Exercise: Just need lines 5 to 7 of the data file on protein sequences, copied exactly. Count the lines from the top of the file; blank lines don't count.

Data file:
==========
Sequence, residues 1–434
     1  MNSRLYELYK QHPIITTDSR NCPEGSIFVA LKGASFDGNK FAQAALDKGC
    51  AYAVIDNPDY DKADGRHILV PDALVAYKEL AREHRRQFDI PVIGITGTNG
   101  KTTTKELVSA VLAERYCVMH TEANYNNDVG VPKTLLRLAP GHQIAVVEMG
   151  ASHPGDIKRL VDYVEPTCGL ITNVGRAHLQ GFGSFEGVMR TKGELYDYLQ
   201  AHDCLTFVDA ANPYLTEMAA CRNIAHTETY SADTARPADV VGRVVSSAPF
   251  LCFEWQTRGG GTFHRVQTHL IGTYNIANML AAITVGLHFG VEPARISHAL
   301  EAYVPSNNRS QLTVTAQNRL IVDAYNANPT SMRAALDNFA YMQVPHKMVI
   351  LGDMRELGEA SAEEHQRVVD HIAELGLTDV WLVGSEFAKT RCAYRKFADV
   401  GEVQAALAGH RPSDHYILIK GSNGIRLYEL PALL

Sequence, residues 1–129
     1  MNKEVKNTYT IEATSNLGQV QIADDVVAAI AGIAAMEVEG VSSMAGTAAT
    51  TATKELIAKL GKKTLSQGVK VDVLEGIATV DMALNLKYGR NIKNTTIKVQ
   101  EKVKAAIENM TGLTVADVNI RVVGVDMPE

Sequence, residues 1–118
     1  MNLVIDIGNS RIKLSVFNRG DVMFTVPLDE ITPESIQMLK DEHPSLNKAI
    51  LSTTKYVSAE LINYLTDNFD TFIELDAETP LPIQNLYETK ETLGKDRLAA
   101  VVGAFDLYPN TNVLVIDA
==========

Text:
   151  ASHPGDIKRL VDYVEPTCGL ITNVGRAHLQ GFGSFEGVMR TKGELYDYLQ
   201  AHDCLTFVDA ANPYLTEMAA CRNIAHTETY SADTARPADV VGRVVSSAPF
   251  LCFEWQTRGG GTFHRVQTHL IGTYNIANML AAITVGLHFG VEPARISHAL